- advanced interactivity (function boundary change, switch table options...)
  - stack pointer tracking and stack recovery
  - structure and enum definition, use in disassembly
  - compiler and static library recognition
  - an industry-standard decompilation plugin (Hex-Rays Decompiler)
  - support for quick scripting using a high-level interpreter language (IDC/IDAPython)

Panopticon is libre software. You can improve it and use it as basis for your own research on program analysis.

If you can afford an IDA Pro license and cost of plugins, does it matter?

Yeah, it matters. If this is better, I'll use this; if IDA is better, I'll use IDA. I'm not 100% sure I understand your comment.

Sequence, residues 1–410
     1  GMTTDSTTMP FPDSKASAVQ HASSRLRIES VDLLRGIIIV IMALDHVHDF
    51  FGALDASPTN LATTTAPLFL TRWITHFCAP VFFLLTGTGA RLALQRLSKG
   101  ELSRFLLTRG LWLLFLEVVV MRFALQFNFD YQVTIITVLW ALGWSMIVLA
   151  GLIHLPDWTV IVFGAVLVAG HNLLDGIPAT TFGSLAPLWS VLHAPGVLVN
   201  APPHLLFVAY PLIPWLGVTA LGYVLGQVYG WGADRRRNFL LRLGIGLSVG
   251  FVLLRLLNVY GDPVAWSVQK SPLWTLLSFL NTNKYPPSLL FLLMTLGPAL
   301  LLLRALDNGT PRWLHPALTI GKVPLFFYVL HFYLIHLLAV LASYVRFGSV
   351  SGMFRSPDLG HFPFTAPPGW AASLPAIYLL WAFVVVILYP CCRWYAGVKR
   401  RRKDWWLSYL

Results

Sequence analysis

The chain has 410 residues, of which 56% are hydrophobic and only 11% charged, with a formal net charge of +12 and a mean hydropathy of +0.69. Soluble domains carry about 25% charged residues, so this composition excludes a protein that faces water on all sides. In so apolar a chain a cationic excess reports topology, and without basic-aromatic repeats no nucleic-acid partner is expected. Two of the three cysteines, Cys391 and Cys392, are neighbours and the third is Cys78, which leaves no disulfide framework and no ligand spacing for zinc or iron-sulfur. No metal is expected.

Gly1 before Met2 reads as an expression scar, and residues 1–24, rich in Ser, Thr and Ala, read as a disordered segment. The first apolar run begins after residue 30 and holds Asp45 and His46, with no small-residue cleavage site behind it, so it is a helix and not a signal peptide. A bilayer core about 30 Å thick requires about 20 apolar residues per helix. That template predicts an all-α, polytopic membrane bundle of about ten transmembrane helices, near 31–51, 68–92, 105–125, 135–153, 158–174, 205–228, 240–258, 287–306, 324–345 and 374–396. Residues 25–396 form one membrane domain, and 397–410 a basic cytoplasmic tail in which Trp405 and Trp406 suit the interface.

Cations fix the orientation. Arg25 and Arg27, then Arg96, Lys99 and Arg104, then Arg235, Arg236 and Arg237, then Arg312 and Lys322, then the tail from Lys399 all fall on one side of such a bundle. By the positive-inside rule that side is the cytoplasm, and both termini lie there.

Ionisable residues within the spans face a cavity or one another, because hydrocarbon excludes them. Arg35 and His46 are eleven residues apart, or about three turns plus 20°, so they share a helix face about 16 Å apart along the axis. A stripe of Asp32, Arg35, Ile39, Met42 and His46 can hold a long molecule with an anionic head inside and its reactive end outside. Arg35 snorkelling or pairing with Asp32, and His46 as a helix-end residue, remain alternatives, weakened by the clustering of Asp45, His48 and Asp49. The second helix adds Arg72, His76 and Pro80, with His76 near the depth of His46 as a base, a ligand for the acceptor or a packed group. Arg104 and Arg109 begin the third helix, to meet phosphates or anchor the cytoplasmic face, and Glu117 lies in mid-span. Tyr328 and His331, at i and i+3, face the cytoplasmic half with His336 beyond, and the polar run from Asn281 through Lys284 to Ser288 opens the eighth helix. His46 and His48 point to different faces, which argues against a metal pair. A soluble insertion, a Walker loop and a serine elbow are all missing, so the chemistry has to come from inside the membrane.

Btw, most companies can afford an IDA license. It's pretty cheap compared to the salary of a developer, at least in the coastal US.

If your job can justify it, great, but mine can't. I want it for personal use and I can't justify it.

If you have more time than money, here's a possible option:

  - Buy IDA Pro using a credit card
  - Find bug or two, submit to bug bounty [1]
  - Pay back credit using bug bounty money
[1] - https://www.hex-rays.com/bugbounty.shtml

If life were so simple, everyone would be doing it don't you think?

My friend's grandfather was an economist. When he was a little boy he saw a $20 bill on the sidewalk on a walk with with his grandfather. He pointed to it and said "Grandpa look someone dropped a twenty dollar bill! We will be rich!" His grandfather dismissed his enthusiasm and explained that if there was free money on the ground somebody would have picked it up by now.